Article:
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Six Tips to Help You Survive Fertility Treatment

Over the past few years, stigmas regarding infertility have been quickly disappearing and patients are speaking out more everyday in support of each other.  In preparation of National Infertility Awareness Week we reached out to successful patients for their “Words of Wisdom” to share with our current patients. As the advice started rolling in we were thrilled with the number of ideas and words of support we would have to share with you. We hope that you find hope and support in these ‘Six Tips to Help You Survive Fertility Treatment’ provided by a former Shady Grove Fertility patient who now has two of children.

1. Expect people to say insensitive things.

At some point, someone will tell you you’ll get pregnant when you stop worrying about it so much, or that you should just adopt, or that maybe you should stop trying so hard. Don’t let these kinds of comments get the best of you! The general public is subject to tons of misinformation about infertility, and usually they have no idea what they are talking about. Try to remember that they mean well—in spite of how hurtful their comments might feel to you. As hard as it is, try to be generous with your forgiveness. Plus, if you are prepared to expect these kinds of comments, you might even be able to have a sense of humor about them. We are all only human, and after all, how many times in your life have you said something well-intentioned, trying to be supportive, only to end up putting your foot in your mouth? Eventually, at some point, you might feel ready to talk more openly with these people and educate them about your journey—and about infertility in general. Until then, try to let these comments roll off your back and move on.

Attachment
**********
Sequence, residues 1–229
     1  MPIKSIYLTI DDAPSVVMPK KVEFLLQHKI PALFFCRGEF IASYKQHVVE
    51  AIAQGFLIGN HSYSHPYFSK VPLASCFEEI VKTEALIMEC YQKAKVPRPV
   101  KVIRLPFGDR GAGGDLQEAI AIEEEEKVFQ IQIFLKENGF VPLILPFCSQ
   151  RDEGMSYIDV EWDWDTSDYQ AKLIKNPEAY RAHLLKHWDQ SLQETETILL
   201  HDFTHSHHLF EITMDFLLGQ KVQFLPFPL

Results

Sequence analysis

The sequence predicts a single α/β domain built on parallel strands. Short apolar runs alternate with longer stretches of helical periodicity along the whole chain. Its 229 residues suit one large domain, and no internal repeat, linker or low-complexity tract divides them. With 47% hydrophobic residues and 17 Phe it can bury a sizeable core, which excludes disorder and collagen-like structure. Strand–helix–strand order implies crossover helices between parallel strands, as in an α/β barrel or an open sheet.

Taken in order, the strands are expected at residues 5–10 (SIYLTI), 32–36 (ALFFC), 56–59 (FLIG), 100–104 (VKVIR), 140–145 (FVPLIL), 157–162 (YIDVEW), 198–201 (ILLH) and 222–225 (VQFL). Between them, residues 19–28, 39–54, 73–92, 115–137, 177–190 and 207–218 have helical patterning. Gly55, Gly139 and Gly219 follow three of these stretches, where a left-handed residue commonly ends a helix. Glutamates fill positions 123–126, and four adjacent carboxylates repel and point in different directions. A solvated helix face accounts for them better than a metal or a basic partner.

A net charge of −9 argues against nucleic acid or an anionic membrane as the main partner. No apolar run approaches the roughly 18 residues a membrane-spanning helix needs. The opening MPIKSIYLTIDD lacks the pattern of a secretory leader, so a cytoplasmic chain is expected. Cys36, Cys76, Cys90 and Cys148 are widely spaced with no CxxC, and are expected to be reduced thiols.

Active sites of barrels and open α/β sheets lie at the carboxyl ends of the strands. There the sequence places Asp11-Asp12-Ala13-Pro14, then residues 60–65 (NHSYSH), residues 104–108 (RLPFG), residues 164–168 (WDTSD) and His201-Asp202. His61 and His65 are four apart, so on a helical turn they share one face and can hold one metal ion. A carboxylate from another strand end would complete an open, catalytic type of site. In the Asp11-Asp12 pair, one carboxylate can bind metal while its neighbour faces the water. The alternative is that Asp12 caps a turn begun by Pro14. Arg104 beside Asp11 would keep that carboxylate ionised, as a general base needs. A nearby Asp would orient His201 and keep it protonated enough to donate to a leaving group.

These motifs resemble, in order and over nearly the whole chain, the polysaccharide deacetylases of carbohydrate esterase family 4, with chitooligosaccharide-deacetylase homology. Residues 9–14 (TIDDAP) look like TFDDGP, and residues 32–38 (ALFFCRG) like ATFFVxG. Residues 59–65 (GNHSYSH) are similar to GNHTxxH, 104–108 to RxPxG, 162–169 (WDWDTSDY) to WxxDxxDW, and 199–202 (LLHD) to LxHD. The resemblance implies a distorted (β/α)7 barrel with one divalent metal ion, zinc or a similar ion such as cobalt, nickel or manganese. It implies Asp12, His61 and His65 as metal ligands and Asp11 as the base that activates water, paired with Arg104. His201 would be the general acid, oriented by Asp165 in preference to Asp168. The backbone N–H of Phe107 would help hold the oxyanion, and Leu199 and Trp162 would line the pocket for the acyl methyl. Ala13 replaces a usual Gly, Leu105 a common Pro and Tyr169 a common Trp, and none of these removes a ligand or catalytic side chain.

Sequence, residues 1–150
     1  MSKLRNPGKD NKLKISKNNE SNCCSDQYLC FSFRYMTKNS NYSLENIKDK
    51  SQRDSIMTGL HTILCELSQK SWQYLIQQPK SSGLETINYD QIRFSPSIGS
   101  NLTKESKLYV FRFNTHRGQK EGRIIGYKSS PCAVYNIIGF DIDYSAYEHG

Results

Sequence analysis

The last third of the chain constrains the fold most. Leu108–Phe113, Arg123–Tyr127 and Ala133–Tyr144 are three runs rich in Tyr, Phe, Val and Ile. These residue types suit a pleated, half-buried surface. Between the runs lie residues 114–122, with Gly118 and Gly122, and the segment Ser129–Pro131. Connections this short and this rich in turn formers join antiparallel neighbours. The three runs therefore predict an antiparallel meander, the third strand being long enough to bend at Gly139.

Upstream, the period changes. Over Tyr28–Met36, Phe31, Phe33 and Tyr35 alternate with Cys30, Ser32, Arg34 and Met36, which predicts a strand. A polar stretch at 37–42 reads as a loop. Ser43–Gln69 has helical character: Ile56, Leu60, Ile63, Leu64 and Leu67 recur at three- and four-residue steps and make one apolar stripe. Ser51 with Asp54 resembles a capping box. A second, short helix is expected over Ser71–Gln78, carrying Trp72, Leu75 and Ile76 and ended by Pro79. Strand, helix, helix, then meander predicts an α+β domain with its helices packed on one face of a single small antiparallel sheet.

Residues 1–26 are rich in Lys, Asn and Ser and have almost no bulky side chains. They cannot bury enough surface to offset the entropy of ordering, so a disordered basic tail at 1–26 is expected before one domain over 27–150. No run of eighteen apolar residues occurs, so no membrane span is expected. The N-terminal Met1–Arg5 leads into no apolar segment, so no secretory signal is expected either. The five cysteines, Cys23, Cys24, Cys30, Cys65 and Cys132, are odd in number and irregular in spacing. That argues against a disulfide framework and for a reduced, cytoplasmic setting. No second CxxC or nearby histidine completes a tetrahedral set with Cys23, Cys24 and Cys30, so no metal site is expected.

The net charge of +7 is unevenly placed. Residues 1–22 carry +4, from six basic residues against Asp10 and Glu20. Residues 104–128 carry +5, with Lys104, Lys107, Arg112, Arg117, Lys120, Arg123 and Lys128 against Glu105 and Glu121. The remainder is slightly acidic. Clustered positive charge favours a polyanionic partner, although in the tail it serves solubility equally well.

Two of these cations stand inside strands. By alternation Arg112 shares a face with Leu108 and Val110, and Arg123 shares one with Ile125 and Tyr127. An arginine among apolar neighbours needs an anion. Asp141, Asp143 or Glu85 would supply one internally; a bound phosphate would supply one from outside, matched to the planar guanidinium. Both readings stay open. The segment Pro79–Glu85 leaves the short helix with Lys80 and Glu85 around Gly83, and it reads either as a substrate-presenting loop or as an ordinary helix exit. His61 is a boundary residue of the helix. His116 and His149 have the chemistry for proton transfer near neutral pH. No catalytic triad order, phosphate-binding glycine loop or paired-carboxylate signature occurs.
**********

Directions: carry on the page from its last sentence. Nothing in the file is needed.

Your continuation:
2. Have faith in the process but expect setbacks.

Sometimes treatments work on the first try, but usually there are setbacks. Try not to pin all your hopes onto one attempt. Instead, have faith that you are engaged in a process that gives you the best chance of having a baby. In other words, you are doing all you can. When you have a setback, it can feel devastating, but try not to look at it as a failure. There may be many steps in your journey to parenthood, but try to have faith in the journey you have chosen.

3. Resist the temptation to over-analyze every detail of your treatment cycle.

Fertility treatment can make you more than a little crazy! Before you know it, you start reading into every little detail like magical tea leaves. (e.g., I only got x# eggs—that must be a sign that they are poor quality! Oh no, I’m getting a yeast infection—surely that will decrease my chances of implantation at my transfer tomorrow! And so on…) To allay your fears—however irrational they might be—ask your doctor and nurse as many questions as you need to. They are very smart! Listen to what they tell you about your cycle, and believe them when they tell you what you do and don’t need to worry about. Then you can focus your energy on relaxing and thinking positive thoughts.

4. Keep living your life.